This Bamboo customer story is the final of an 8-part blog series about why so many developers adopt continuous integration written by our guest blogger, John Ferguson Smart.
John is a consultant and trainer specialising in Build Automation, Enterprise Java, Web Development, and Open Source technologies, currently based in Wellington, New Zealand.
Continuous Integration for Ruby
Jeremy works in a large company specialized in Linux security and backup applications. This company is a Ruby shop – their applications are written in Ruby on Rails, with the source code is stored in Subversion. These applications include Linux software packages that automatically back up the system to a tape drive. This sort of low-level software is hard to test, as the software package needs to be deployed and installed onto a remote machine before comprehensive testing can be done. However, as with any other software product, automated testing is nevertheless essential for the overall quality of the software.
Jeremy uses Bamboo to automate the build and testing process. His Continuous Integration environment involves both running Ruby builds and tests on Bamboo, and also automated deployment and installation on a remote test machine. To maximize responsiveness and minimize network load, Bamboo builds are triggered by a Subversion hook script set up in the source code repository.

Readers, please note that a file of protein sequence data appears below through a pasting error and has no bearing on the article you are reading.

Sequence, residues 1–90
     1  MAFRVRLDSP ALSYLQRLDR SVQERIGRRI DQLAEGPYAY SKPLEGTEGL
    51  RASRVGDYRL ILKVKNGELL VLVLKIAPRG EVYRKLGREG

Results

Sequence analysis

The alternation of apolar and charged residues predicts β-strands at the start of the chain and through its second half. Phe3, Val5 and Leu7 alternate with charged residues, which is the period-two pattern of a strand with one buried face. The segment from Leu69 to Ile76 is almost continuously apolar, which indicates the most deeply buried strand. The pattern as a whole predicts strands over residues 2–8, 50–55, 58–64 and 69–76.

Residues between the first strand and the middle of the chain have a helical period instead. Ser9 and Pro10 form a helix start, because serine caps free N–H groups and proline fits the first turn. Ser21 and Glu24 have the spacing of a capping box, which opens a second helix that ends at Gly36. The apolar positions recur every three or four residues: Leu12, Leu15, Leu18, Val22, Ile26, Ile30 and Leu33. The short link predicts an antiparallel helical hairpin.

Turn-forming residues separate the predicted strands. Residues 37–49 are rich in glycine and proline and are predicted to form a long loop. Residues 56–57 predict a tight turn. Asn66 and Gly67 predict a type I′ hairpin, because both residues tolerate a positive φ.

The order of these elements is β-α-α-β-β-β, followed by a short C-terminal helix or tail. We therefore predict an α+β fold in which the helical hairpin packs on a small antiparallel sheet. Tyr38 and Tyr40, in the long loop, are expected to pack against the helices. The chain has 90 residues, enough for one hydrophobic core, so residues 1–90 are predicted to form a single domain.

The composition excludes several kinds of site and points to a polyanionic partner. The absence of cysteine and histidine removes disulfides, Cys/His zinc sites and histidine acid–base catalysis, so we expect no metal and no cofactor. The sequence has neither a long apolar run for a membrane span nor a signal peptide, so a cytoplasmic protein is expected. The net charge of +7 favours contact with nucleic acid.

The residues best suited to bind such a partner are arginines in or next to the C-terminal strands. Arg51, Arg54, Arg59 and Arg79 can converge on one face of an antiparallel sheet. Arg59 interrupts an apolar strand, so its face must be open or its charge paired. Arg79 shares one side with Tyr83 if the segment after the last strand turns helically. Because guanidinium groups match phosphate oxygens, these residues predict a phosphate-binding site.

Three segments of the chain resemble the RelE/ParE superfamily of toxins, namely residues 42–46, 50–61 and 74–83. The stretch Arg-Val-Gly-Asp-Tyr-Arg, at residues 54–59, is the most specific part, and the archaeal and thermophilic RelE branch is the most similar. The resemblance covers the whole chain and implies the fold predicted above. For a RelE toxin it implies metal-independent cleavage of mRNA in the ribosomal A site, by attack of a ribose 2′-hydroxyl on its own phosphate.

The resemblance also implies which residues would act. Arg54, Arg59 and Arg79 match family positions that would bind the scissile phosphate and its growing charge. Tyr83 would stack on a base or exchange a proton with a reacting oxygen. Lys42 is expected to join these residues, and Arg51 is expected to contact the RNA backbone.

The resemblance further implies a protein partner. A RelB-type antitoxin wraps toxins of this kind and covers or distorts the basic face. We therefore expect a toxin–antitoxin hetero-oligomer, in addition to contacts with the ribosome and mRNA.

Bamboo integrates well with languages other than Java, including Ruby on Rails. With a little Bamboo customization, Ruby on Rails can be treated as first-class citizens in the world of Bamboo build jobs. Bamboo does not recognize Ruby out of the box, however. The first thing Jeremy had to do was to add a new “Command” build capability, to let Bamboo know where to find the ruby executable:
Once Bamboo is configured, it is easy to create new Ruby on Rails build plans. Ruby-based build plans differ very little from ordinary ones. The main obvious difference is the use of the new Ruby capability in the Builder tab when you create the build plan:
Testing practices are valued in Ruby circles just as much as amongst Agile proponents in the Java world, and there are is good support for testing in Ruby. Like many other Ruby projects, Jeremy uses Test::Unit and RSpec for unit testing and Behaviour-Driven-Development style functional testing. Both these tools produce HTML reports which the Bamboo build plan stores as artifacts, allowing Jeremy to browse them afterwards.
Integrated reports for Ruby
Jeremy also uses the ci_reporter tool to convert the test results from these tools into a JUnit-compatible XML format, which can be easily understood by Bamboo, providing integrated reporting on test results and durations. The rails_rcov Rails plugins provides code coverage data, and can be integrated into Bamboo via the RCov plugin for Bamboo.
Automated tests are executed from Bamboo in three phases. First of all, unit tests are run on the Bamboo build server, directly on the code checked out of the version control system. The second phase, involving functional testing, is more complicated. The built application needs to be deployed to a test machine, and installed and tested there. This is done using SSH – the software is deployed and the test machine rebooted. Bamboo waits for the test machine to reboot, and then runs a series of functional tests on this machine remotely from the build server. Finally, a series of tests is run directly on the test machine.
Last time we talked about clever tools to optimize Continuous Integration; we hope you enjoyed reading all of the Bamboo customer stories.
What’s your adoption story? Tweet Atlassian or leave a comment below about how and why you adopted CI.